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I have an private List and I want to expose the ability to query the List and return a new List with new cloned items. I can pass in delegates for filtering and sorting, which works fine, but being able to use Linq expressions would be much more elegant.

I've added an simplified example of what I'm trying to do, which might help as I don't think I've explained what I want to do very well.

public class Repository
{
    private List<SomeModel> _models;
    private object _lock;

    public List<SomeModel> GetModels(Func<SomeModel, bool> predicate)
    {
        List<SomeModel> models;
        lock (_lock)
        {
            models = _models.Where(m => predicate(m))
                            .Select(m => new SomeModel(m))
                            .ToList();
        }
        return models;
    }
}
share|improve this question
    
Actually I was hoping to pass in some Linq expression with filtering, ordering and paging and doing something like "expression.Compile().Invoke(..)" inside the lock. Question #53597 is similar to what I want to do. – tarn Mar 9 '09 at 6:40
up vote 1 down vote accepted

You could expose the private collection as an iterator block by doing something like this:

public IEnumerable<Model> Models
{
    get
    {
        foreach (Model mod in this._models)
            yield return new Model(mod);

        // equivalent to:
        // return _models.Select(m => new Model(m));
        // as per Jon's comment
    }
}

Which would give you the ability to then write queries against it like any other IEnumerable datasource.

share|improve this answer
1  
aka return _models.Select(m => new Model(m)); – Jon Skeet Mar 9 '09 at 6:23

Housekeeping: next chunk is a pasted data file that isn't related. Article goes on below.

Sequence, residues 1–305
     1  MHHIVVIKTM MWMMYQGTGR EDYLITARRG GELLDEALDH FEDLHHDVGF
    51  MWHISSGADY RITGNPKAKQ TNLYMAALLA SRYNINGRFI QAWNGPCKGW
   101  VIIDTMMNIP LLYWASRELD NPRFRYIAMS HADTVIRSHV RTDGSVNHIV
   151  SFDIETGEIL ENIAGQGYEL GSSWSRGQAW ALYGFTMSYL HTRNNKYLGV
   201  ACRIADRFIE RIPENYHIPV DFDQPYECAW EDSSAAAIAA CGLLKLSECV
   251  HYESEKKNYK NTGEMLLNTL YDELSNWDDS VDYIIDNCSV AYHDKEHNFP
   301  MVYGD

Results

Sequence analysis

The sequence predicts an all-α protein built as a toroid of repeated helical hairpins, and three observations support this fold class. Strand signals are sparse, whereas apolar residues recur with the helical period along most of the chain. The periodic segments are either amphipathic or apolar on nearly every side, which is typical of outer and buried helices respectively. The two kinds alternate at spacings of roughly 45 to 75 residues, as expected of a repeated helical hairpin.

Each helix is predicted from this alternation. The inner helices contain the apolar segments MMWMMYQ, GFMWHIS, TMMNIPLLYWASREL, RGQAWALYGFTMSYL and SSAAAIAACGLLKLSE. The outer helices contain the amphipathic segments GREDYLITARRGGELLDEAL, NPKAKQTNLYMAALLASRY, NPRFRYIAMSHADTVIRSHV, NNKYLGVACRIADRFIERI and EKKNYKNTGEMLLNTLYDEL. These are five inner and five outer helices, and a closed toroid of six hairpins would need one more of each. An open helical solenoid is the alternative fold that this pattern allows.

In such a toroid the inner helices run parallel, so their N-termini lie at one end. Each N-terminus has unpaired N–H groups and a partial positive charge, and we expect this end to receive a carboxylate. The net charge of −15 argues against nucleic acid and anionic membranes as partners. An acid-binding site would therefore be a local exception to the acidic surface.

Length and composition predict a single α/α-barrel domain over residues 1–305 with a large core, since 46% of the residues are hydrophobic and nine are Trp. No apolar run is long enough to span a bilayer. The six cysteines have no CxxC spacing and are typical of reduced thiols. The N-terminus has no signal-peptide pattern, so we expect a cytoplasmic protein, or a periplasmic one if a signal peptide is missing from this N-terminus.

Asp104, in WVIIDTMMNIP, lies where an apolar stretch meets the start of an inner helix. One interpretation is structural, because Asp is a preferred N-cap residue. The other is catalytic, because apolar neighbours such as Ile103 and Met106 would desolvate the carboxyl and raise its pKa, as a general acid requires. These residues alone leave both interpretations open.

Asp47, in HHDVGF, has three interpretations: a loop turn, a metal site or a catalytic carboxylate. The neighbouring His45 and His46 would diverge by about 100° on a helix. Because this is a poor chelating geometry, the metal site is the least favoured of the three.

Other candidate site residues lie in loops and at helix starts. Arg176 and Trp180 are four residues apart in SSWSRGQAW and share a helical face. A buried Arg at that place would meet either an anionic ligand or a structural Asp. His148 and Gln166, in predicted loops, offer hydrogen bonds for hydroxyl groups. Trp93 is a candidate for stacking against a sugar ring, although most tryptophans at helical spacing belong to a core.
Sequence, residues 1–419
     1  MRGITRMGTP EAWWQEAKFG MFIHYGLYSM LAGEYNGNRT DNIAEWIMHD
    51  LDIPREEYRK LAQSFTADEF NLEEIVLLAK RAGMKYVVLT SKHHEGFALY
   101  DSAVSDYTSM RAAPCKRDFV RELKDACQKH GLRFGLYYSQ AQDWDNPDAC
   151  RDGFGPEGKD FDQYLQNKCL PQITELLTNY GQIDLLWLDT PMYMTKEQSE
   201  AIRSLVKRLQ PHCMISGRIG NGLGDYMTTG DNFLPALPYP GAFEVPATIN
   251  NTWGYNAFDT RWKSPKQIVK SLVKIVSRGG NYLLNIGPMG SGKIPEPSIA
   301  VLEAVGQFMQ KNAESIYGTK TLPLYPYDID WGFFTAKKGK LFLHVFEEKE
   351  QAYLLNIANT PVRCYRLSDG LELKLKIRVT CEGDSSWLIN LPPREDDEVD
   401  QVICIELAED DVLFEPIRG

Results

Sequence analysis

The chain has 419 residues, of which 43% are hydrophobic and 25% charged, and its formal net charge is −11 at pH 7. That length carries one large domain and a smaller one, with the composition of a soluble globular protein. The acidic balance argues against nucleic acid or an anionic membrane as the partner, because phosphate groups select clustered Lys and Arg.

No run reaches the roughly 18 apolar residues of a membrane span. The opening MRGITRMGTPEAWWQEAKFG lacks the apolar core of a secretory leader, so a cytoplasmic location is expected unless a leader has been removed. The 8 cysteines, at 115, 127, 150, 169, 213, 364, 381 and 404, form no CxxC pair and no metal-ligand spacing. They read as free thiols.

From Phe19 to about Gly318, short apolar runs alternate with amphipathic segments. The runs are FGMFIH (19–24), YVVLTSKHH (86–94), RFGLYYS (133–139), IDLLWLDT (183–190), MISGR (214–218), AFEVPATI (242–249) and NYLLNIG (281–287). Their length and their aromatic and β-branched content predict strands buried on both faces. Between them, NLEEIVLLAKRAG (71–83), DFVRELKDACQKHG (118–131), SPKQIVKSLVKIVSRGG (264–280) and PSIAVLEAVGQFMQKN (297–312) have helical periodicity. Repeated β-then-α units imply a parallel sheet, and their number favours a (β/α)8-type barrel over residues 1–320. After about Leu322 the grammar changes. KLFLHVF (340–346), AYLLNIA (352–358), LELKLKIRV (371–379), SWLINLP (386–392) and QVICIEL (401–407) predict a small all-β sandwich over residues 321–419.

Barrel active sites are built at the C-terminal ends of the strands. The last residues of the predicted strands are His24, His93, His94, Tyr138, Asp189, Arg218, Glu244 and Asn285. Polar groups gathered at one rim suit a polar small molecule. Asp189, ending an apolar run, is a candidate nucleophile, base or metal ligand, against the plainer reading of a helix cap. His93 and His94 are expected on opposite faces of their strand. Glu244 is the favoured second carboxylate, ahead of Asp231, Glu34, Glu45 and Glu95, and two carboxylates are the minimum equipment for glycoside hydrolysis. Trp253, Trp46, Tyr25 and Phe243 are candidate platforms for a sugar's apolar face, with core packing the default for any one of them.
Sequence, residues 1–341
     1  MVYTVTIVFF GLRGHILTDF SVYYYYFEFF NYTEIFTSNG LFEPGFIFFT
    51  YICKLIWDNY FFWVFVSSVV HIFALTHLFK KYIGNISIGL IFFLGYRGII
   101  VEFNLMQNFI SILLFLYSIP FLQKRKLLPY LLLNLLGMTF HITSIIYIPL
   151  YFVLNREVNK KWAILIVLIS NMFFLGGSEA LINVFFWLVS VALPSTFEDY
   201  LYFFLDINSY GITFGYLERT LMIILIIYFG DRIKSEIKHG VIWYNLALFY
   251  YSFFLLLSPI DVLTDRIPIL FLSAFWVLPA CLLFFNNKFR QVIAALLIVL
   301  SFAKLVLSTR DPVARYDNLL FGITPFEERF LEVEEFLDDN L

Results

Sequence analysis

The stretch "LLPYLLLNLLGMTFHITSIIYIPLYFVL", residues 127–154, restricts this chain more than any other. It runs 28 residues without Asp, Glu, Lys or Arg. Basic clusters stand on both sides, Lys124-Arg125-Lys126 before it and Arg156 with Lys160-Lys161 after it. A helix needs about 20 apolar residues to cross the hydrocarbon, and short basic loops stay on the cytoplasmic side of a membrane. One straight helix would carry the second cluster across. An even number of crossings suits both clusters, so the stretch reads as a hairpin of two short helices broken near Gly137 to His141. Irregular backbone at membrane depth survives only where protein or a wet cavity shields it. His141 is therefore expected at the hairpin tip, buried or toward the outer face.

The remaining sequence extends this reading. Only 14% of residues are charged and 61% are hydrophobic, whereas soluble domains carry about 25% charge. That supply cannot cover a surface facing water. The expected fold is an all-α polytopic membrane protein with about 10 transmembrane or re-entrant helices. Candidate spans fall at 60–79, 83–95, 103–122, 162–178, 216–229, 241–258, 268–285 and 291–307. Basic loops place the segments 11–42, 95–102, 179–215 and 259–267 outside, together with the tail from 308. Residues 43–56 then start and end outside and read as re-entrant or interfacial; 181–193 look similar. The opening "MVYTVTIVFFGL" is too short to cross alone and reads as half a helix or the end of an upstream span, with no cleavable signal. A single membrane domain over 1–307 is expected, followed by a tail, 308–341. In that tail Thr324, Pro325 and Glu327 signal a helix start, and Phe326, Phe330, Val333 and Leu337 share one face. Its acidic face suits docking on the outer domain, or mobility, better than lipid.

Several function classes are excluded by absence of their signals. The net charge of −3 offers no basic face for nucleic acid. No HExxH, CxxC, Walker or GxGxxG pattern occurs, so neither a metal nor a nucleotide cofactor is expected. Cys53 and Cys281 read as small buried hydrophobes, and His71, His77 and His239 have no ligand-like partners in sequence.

Nice answer, but I have a feeling its not good to yield from inside lock. I'll look into it and will happily mark this as the answer if it works safely. – tarn Mar 9 '09 at 6:25
    
Couldn't you just do return _models;? As far as I can see, because of the return type IEnumerable<Model> and the fact that a list is enumerable, just doing return _models; would expose it as an enumerable... (or have I missed something?) – Svish Mar 9 '09 at 8:39
    
You can't use yield if the inner list is modified concurrently, remember that iterator code is deferred until the iterator is iterated by someone. You need to create a copy of the data and return the copy of use a immutable list. – Pop Catalin Mar 9 '09 at 14:40

Why does your code involve locking? Assuming your "SomeModel" class has a copy constructor as your example suggests, this should work:

public List<SomeModel> GetModels(Predicate<SomeModel> predicate)
{
    return _models.Where(m => predicate(m))
                  .Select(m => new SomeModel(m))
                  .ToList();
}
share|improve this answer
    
Thanks, locking is there as the list is updated by another process (not shown, but that's why I can't just expose the list). Yes the SomeModel ctor shown is a copy constructor. I would like to also apply ordering and paging, so I want more than just the predicate. I want to apply a Linq expression. – tarn Mar 9 '09 at 5:30
    
If you want ordering etc then (as per the answer below) you're better off not returning a list, and simply returning the Select clause. Then the caller can apply sorting/paging logic to the returned IQueryable/IEnumerable. – Matt Hamilton Mar 9 '09 at 6:40
    
Good call, that makes a lot of sense, will work fine and I'll probably actually do that. But I'll pend marking this as answered (for an hour or so) in hope someone will have a way of creating an expression outside the lock and executing it inside the lock. – tarn Mar 9 '09 at 6:47
    
I think mark @themissinglinq's answer as the accepted one. I will edit it to reflect Jon's comment. – Matt Hamilton Mar 9 '09 at 8:20

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